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Publication numberUS4469528 A
Publication typeGrant
Application numberUS 06/418,322
Publication dateSep 4, 1984
Filing dateSep 15, 1982
Priority dateSep 18, 1981
Fee statusPaid
Also published asDE3278598D1, EP0075368A2, EP0075368A3, EP0075368B1
Publication number06418322, 418322, US 4469528 A, US 4469528A, US-A-4469528, US4469528 A, US4469528A
InventorsMichel Berth, Camille Venger, Gerard M. Martin
Original AssigneeU.S. Philips Corporation
Export CitationBiBTeX, EndNote, RefMan
External Links: USPTO, USPTO Assignment, Espacenet
Method of manufacturing a semiconductor device of GaAs by two species ion implantation
US 4469528 A
The invention relates to a method of treating a substrate of gallium arsenide by a double ion implantation. A first implantation of silicon ions (Si+) is carried out on the entire surface of the substrate, and a second implantation of oxygen ions (O+) is carried out in regions intended to become isolated regions. A thermal annealing treatment, preferably under encapsulation, follows these ion implantations. These implantations are carried out in order to obtain at the surface of the substrate regions of n-conductivity type isolating regions separated from each other for subsequent manufacture of semiconductor devices. The invention also relates to a gallium arsenide substrate thus treated and to a semiconductor device obtained by the technique of two ion implantations.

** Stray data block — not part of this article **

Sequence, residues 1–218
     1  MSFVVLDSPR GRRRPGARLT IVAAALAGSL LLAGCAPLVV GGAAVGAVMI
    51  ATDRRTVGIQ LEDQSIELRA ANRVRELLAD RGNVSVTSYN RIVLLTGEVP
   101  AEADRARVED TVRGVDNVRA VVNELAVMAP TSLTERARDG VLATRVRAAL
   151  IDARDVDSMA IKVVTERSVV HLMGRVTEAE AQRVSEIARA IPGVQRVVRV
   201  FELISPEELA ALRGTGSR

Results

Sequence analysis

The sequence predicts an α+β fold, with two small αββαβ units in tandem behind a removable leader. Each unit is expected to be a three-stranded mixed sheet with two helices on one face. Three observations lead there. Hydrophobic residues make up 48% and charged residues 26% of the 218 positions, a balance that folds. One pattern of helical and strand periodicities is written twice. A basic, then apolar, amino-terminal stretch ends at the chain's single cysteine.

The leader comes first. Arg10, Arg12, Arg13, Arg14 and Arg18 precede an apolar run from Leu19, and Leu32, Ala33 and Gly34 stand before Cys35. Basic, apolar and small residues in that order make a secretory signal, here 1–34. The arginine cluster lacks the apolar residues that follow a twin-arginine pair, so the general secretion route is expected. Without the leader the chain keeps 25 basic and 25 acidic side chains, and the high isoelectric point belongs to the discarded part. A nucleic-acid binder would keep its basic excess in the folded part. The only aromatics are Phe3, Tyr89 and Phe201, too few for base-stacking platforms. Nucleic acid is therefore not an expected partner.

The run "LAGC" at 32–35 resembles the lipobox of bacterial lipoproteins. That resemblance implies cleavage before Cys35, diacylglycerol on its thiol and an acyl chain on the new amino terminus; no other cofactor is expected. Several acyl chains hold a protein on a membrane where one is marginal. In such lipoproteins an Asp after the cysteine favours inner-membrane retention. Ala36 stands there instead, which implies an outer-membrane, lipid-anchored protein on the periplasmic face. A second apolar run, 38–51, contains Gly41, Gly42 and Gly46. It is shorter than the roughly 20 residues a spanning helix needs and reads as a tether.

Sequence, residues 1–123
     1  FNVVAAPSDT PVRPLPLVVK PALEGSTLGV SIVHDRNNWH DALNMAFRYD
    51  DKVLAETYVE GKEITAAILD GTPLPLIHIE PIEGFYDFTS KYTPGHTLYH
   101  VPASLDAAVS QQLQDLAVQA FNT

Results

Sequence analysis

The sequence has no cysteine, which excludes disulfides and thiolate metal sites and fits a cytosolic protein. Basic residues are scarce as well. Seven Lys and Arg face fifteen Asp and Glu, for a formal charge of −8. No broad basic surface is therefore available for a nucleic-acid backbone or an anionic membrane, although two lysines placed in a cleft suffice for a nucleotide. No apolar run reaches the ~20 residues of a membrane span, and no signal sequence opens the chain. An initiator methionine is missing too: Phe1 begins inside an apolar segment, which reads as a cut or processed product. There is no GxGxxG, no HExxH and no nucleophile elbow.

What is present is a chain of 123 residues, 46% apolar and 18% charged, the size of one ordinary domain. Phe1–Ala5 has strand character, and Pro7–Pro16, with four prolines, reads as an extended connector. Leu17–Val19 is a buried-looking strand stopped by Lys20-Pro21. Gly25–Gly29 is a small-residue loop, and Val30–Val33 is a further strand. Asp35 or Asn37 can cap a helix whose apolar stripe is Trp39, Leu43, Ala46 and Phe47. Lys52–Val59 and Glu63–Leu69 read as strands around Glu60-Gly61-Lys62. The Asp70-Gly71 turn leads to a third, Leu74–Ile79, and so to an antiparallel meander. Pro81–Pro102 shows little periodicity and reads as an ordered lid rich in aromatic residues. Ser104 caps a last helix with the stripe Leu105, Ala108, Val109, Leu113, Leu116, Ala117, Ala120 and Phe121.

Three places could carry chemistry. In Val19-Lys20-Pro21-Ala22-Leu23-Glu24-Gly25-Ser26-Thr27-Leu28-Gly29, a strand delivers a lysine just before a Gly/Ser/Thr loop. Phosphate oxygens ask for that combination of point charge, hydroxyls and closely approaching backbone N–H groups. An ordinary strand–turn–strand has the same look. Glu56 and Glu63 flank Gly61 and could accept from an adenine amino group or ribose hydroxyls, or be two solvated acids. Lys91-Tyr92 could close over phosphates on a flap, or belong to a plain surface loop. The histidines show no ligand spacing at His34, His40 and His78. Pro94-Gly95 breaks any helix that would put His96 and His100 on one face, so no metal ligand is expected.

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What is claimed is:
1. A method of manufacturing a seimconductor device comprising the steps of